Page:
the formulation of its problems from Descartes, while not accepting his
Because he began with thinking as the indubitable foundation for existence
-- the body could be doubted, but thinking could not -- Descartes led
Western philosophy into dualism and subjectivism. Although the intention
of the project was to deduce all knowledge from an unshakable starting
point, the method of systematic doubt led to a problem: having begun with
the ultimacy and certainty of the human mind, Western philosophy could
find nothing certain outside of the human mind.
Heirs of Descartes' rationalistic project also ended up in failure. Benedictus
de Spinoza's (1632-77) philosophy, for example, consisted of working out
"much more explicitly and consistently than had Descartes, the logical
consequences of these [Descartes'] assumptions." The assumptions
Jones refers to here include more than the idea of the ultimacy of man's
mind. Spinoza also received from Descartes the idea that "mathematical
knowledge is an insight into an objectively existing reality" and
the idea that "substance is a prime metaphysical concept."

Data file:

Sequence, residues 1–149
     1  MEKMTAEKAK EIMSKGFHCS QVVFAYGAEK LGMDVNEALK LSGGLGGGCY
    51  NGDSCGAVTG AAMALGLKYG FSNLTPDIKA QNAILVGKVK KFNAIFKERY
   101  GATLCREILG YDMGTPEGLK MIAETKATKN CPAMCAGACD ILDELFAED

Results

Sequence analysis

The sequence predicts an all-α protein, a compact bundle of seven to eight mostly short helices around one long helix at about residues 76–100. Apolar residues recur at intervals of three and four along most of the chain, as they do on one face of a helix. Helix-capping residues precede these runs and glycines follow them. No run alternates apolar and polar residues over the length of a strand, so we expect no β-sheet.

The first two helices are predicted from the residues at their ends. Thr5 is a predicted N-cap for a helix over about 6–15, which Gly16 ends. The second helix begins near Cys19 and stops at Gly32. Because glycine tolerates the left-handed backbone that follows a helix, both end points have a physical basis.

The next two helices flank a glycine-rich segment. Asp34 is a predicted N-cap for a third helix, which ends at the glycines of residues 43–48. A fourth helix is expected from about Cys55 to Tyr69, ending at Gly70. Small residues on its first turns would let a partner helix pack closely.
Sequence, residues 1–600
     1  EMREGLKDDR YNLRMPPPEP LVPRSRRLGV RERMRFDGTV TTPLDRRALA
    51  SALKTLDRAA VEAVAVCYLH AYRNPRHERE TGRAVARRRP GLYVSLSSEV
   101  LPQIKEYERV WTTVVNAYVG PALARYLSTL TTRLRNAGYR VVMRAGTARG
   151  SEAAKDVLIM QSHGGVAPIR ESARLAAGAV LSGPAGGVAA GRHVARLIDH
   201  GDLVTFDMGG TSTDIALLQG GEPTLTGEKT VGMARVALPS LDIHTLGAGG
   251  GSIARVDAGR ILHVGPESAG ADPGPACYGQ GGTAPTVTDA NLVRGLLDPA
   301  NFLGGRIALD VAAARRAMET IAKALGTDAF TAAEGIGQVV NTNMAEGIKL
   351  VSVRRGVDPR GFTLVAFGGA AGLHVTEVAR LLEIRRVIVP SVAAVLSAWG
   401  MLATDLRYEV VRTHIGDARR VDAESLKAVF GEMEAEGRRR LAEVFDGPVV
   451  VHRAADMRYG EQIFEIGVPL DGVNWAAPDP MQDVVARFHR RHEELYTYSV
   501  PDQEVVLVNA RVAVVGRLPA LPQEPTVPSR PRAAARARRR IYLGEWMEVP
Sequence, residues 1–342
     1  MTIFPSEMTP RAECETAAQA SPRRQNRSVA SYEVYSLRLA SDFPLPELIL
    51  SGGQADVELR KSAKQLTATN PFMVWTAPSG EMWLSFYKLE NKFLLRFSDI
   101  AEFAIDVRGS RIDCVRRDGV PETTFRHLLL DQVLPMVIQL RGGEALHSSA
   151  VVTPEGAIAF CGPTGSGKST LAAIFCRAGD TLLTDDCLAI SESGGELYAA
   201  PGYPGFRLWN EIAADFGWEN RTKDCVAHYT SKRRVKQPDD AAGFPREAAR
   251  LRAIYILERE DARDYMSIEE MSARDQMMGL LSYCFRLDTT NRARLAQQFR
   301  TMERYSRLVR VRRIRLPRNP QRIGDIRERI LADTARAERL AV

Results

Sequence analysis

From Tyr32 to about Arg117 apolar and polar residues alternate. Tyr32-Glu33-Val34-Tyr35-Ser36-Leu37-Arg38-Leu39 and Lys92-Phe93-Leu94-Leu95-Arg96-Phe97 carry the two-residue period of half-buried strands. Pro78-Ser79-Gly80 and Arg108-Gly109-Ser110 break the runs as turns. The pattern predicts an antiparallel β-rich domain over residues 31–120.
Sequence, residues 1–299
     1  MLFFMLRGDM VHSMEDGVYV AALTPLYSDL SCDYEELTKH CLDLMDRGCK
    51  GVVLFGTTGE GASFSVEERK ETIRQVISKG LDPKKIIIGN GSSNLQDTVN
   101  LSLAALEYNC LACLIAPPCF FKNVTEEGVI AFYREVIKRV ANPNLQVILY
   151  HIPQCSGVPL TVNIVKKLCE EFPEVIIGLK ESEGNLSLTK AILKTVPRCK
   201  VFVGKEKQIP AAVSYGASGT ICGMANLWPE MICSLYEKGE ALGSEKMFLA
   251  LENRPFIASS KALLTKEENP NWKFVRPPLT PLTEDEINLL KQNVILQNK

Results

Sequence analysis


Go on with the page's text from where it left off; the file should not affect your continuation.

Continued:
But the conclusions Spinoza reached were even more problematical than
those of Descartes. Using geometry for the model of philosophy and employing
his definitions and axioms with inflexible logic, Spinoza concluded that
all reality is one. The rigid application of Descartes' assumptions brought
rationalistic philosophy back to the monistic metaphysics of Parmenides.
In Spinoza's philosophy, all of reality "is ruled by an absolute
logical necessity. There is no such thing as free will in the mental sphere
or chance in the physical world. Everything that happens is a manifestation
of God's inscrutable nature and it is logically impossible that events
should be other than they are." The universe and everything in
it including man is, thus, reduced to a mechanical process. If this is
the logical application of Descartes, his presuppositions have led us
in a direction that very few are willing to follow.
But continental rationalism did not end with Spinoza. Leibnitz (1647-1716),
another rationalist follower of Descartes, came to very different conclusions
from either Descartes or Spinoza while using the same basic assumptions.
In contrast to Spinoza's monism, Leibnitz concluded with an equally radical
pluralism. The basic element in Leibniz's view was called a "monad,"
defined by Jones as "a center of psychic activity." The
details of Leibniz's view are fascinating, but unimportant for my present
point, which is that Leibnitz, beginning with the same assumptions as
previous rationalists propounded a worldview that fundamentally differs
from theirs. The rationalist project led to conclusions fundamentally
diverse and contradictory. What went wrong?
In fact, the ancient Greeks had proposed both monism and atomism, the